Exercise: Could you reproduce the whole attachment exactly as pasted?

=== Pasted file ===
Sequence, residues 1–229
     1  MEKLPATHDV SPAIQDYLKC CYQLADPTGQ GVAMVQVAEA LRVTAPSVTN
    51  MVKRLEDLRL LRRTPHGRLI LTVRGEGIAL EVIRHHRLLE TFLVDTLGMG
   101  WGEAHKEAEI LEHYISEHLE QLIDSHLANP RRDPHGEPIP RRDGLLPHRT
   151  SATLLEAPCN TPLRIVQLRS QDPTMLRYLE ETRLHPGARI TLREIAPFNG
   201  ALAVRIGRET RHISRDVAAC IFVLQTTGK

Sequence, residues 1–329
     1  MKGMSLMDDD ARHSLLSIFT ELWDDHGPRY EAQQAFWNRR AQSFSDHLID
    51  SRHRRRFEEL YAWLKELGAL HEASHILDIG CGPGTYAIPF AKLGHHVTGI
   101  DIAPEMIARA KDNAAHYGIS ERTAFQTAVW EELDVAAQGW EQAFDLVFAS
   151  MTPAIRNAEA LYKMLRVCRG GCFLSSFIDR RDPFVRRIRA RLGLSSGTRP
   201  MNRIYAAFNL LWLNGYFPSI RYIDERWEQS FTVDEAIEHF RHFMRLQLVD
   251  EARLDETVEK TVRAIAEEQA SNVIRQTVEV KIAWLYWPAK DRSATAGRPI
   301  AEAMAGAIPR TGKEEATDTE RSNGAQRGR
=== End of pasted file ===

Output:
Sequence, residues 1–229
     1  MEKLPATHDV SPAIQDYLKC CYQLADPTGQ GVAMVQVAEA LRVTAPSVTN
    51  MVKRLEDLRL LRRTPHGRLI LTVRGEGIAL EVIRHHRLLE TFLVDTLGMG
   101  WGEAHKEAEI LEHYISEHLE QLIDSHLANP RRDPHGEPIP RRDGLLPHRT
   151  SATLLEAPCN TPLRIVQLRS QDPTMLRYLE ETRLHPGARI TLREIAPFNG
   201  ALAVRIGRET RHISRDVAAC IFVLQTTGK

Sequence, residues 1–329
     1  MKGMSLMDDD ARHSLLSIFT ELWDDHGPRY EAQQAFWNRR AQSFSDHLID
    51  SRHRRRFEEL YAWLKELGAL HEASHILDIG CGPGTYAIPF AKLGHHVTGI
   101  DIAPEMIARA KDNAAHYGIS ERTAFQTAVW EELDVAAQGW EQAFDLVFAS
   151  MTPAIRNAEA LYKMLRVCRG GCFLSSFIDR RDPFVRRIRA RLGLSSGTRP
   201  MNRIYAAFNL LWLNGYFPSI RYIDERWEQS FTVDEAIEHF RHFMRLQLVD
   251  EARLDETVEK TVRAIAEEQA SNVIRQTVEV KIAWLYWPAK DRSATAGRPI
   301  AEAMAGAIPR TGKEEATDTE RSNGAQRGR